The vestibular system has been found to affect energy homeostasis and body composition, due to its extensive connections to the brainstem and melanocortin nuclei involved in regulating the metabolism and feeding behavior. The aim of this study was to evaluate - by means of a wrist-worn physical activity tracker and bioelectrical impedance analysis (BIA) - the energy expenditure (EE) in resting (REE) and free-living conditions and movement behavior in a group of chronic unilateral vestibular hypofunction (UVH) patients when compared with a control group (CG) of healthy participants. Forty-six chronic UVH and 60 CG participants underwent otoneurological (including video-Head Impulse Test [vHIT] for studying vestibulo-ocular reflex [VOR] and static posturography testing [SPT]), and EE and movement measurements and self-report (SRM) andperformance measures (PM). As well as significant (p < 0.001) changes in SPT variables (area and path length) and SRM/PM, UVH participants also demonstrated significantly (p < 0.001) lower values in REE, movement EE, hours/day spent upright, number of strides and distance covered and total daily EE (p = 0.007) compared to the CG. UVH patients consumed significantly lower Kcal/min in sweeping (p = 0.001) and walking upstairs and downstairs (p < 0.001) compared to the CG. Multiple correlations were found between free-living and resting EE and neuro-otological parameters in UVH participants. Since the melanocortin system could be affected along the central vestibular pathways as a consequence of chronic vestibular deafferentation, data collected by reliable wearables could reflect the phenomena that constitute an increased risk of falls and sedentary lifestyle for patients affected by UVH, and could improve rehabilitation stages.
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http://dx.doi.org/10.1016/j.jocn.2021.07.012DOI Listing
September 2021

Sleep Performance and Chronotype Behavior in Unilateral Vestibular Hypofunction.

Laryngoscope 2021 10 30;131(10):2341-2347. Epub 2021 Jun 30.

Department of Clinical Sciences and Translational Medicine, University of Rome Tor Vergata, Rome, Italy.

Objective: To evaluate sleep behavior and its relation to otoneurological parameters in a group of patients with chronic unilateral vestibular hypofunction (UVH) without self-reported sleep disturbances when compared with healthy subjects serving as a control group (CG).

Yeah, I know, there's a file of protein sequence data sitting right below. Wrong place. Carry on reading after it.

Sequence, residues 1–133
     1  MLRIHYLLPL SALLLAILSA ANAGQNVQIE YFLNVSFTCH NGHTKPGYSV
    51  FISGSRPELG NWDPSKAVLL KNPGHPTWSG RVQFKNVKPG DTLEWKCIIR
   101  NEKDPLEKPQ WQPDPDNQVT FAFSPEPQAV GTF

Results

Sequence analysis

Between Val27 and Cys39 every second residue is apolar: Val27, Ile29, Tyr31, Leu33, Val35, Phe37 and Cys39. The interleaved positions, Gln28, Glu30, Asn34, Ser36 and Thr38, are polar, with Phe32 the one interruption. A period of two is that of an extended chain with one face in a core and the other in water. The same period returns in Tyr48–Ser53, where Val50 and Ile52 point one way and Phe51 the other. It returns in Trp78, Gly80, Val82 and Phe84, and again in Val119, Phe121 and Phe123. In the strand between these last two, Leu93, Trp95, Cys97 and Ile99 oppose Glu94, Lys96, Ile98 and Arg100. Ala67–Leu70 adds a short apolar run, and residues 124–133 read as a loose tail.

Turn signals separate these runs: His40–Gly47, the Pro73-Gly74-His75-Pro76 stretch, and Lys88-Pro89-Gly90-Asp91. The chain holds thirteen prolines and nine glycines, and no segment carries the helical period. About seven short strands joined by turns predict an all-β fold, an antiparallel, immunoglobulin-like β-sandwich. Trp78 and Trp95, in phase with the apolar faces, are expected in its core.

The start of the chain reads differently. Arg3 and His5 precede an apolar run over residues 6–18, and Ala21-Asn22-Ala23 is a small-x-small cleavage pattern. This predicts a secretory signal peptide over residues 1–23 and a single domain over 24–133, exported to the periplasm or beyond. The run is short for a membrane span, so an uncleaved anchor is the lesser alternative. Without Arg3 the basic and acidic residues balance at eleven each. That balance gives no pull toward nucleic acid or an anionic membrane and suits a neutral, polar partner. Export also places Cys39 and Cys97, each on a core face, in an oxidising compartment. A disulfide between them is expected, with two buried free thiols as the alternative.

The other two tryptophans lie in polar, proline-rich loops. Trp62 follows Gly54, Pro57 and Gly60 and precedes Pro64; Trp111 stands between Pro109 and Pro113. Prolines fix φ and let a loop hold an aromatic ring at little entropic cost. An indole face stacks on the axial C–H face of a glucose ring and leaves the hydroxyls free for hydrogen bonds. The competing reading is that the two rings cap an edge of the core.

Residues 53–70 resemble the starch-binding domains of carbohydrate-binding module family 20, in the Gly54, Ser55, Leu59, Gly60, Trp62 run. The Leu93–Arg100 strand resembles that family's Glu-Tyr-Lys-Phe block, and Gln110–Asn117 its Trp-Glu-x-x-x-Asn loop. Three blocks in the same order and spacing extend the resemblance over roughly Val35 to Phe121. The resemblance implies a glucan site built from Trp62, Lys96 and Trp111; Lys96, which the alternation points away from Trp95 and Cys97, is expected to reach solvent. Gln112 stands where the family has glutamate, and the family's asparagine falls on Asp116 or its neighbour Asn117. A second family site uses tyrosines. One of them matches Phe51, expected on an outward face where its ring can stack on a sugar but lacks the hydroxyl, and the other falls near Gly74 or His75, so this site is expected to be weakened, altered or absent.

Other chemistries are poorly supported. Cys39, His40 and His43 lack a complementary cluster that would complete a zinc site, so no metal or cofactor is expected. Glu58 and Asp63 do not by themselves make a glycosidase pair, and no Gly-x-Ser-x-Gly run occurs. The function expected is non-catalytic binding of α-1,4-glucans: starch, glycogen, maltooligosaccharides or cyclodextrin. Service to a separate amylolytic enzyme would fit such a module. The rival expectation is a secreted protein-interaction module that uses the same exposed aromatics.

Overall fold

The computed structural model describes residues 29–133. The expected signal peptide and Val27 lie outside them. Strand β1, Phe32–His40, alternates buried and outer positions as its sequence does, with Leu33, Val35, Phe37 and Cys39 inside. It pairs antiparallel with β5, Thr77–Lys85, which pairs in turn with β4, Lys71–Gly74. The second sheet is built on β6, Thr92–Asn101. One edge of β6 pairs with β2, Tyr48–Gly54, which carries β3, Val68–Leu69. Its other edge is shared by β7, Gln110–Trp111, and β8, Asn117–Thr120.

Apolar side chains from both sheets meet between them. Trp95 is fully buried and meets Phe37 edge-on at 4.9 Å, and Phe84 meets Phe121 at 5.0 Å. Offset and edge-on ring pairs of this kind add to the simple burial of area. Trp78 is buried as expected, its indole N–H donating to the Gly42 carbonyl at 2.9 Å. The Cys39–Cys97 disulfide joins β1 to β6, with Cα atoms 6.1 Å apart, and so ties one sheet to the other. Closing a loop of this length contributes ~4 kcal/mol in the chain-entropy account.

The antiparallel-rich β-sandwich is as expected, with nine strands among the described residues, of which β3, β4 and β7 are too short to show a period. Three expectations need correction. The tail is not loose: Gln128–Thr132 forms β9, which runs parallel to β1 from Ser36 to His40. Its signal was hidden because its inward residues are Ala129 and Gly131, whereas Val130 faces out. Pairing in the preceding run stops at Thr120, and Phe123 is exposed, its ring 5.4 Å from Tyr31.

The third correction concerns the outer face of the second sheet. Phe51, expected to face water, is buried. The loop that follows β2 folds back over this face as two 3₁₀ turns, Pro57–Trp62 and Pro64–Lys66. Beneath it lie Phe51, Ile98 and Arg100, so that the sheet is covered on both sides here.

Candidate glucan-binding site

Methods: Fifty-one patients affected by UVH underwent a retrospective clinical and instrumental otoneurological examination, a 1-week actigraphy sleep analysis, and a series of self-report and performance measures (SRM/PM). A CG of 60 gender- and age-matched healthy subjects was also enrolled. A between-group analysis of variance was performed for each variable, while correlation analysis was performed in UVH patients between otoneurological, SRM/PM, and actigraphy measure scores.

Results: When compared with CG subjects, UVH patients were found to be spending less time sleeping and taking more time to go from being fully awake to asleep, based on actigraphy-based sleep analysis. Also, SRM/PM depicted UVH patients to have poor sleep quality and to be more prone to an evening-type behavior. Correlations were found between vestibular-related functionality indexes and subjective sleep quality, as well as between longer disease duration and reduced sleep time.

Conclusion: For the first time, a multiparametric sleep analysis was performed on a large population-based sample of chronic UVH patients. While a different pattern in sleep behavior was found, the cause is still unclear. Further research is needed to expand the extent of knowledge about sleep disruption in vestibular disorders.

Level Of Evidence: 3 Laryngoscope, 131:2341-2347, 2021.
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http://dx.doi.org/10.1002/lary.29719DOI Listing
October 2021

Insight into the use of tympanic temperature during target temperature management in emergency and critical care: a scoping review.

J Intensive Care 2021 Jun 12;9(1):43. Epub 2021 Jun 12.

Institute of Mountain Emergency Medicine, Eurac Research, Drususallee/Viale Druso 1, I-39100, Bolzano, Italy.

Background: Target temperature management (TTM) is suggested to reduce brain damage in the presence of global or local ischemia. Prompt TTM application may help to improve outcomes, but it is often hindered by technical problems, mainly related to the portability of cooling devices and temperature monitoring systems. Tympanic temperature (T) measurement may represent a practical, non-invasive approach for core temperature monitoring in emergency settings, but its accuracy under different TTM protocols is poorly characterized. The present scoping review aimed to collect the available evidence about T monitoring in TTM to describe the technique diffusion in various TTM contexts and its accuracy in comparison with other body sites under different cooling protocols and clinical conditions.